Both of these factors combined minimize the risk of picking up any long-term back injuries while lifting heavy weights.
Offers Extremely Stable Soles
Most modern-day shoes have soles that perform inconsistently under heavier loads. Fortunately, Converse soles are composed of non-compressive rubber materials. So, they offer maximum stability when lifting heavy weights as they cannot be compressed into the ground.
Because of the inclusion of a non-compressive sole, Converse shoes can prove to be excellent for free weight training and also for performing heavy machine work.
They Can Be Used as Daily Wear Shoes
Converse is undoubtedly a great footwear option for lifting heavy weights. But another reason why they are good as workout shoes is that they don’t have to be limited to only a single function.
Converse shoes match great with casual outfits as well. So, you can wear them out on the street, in clubs, or anywhere else when you are simply hanging out.
Another great advantage to this is that you don’t have to carry a separate pair of shoes to the gym in a big. You can simply keep your Converse as they can be worn in public as well as inside commercial gym spaces.
They Offer Maximum Comfort
Converse shoes are mostly made from soft and flexible canvas. The materials used are flexible and can move with your body without restricting the range of motion during complicated compound movements.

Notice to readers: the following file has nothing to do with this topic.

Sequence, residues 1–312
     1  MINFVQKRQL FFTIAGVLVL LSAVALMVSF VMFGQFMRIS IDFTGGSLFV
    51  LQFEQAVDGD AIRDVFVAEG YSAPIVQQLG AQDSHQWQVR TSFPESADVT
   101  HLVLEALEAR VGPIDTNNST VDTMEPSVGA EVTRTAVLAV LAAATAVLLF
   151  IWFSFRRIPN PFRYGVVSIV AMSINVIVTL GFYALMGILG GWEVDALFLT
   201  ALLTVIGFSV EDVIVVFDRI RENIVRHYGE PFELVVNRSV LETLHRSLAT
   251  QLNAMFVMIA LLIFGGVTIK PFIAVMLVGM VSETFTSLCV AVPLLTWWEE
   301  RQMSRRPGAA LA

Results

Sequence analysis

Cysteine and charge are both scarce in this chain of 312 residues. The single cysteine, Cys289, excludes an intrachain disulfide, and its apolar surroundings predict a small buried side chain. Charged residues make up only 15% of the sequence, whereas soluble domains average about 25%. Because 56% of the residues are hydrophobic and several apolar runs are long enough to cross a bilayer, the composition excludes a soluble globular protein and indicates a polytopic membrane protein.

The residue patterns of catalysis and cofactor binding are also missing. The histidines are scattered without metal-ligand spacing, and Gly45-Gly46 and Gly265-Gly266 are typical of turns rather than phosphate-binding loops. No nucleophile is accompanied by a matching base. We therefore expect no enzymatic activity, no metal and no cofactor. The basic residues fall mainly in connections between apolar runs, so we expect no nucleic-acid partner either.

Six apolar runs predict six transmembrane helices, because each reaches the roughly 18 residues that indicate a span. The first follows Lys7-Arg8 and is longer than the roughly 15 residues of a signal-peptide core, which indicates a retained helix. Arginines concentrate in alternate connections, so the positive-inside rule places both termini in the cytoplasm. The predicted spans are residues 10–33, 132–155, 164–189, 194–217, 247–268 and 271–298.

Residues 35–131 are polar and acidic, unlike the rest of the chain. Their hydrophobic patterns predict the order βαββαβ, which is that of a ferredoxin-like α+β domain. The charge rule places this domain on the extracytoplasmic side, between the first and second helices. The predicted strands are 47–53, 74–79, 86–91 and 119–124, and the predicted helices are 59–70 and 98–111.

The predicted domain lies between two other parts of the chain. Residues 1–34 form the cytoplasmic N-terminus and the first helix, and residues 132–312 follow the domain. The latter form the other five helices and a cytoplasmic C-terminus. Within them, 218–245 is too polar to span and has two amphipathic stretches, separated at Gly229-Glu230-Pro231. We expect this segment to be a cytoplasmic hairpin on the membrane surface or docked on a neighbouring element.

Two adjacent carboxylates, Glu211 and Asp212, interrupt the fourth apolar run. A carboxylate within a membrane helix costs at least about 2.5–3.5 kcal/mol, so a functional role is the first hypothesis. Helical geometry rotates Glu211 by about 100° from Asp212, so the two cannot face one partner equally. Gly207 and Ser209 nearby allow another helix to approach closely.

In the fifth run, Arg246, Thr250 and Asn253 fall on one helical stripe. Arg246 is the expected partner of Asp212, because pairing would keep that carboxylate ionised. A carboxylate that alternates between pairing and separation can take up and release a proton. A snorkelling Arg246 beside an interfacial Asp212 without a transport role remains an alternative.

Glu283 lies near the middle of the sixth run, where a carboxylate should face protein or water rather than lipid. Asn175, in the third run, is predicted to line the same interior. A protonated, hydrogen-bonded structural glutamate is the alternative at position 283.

Moreover, these shoes are generally very lightweight. So, there’s greater ease while performing heavy weightlifting exercises.
Converse Shoes are Cost-Effective
Having separate workout shoes can be costly. That’s because, unlike lifestyle sneakers, athletic footwear is comparatively costlier. That’s because they have multiple design and support features that amplify the overall cost.
So, purchasing a pair of workout shoes can put a huge dent in your pocket if you go for premium options.
Most Converse options, on the other hand, are comparatively cheaper and can be replaced regularly without breaking the bank.
So, using Converse for gym uses can actually be very cost-efficient in the long run.
Drawbacks of Using Converse Shoes for Lifting
Despite offering many advantages to lifters, Converse shoes also have some shortcomings if you wear them for athletic applications.
Some of the major limitations are as follows:
More Stack Height
One of the reasons why Converse might not be the best for professional lifters is because they have an increased stack height.
So, what is stack height? It is basically a metric used to measure the distance between the ground and the wearer’s foot. So, it measures the thickness of the material that separates the floor from your feet.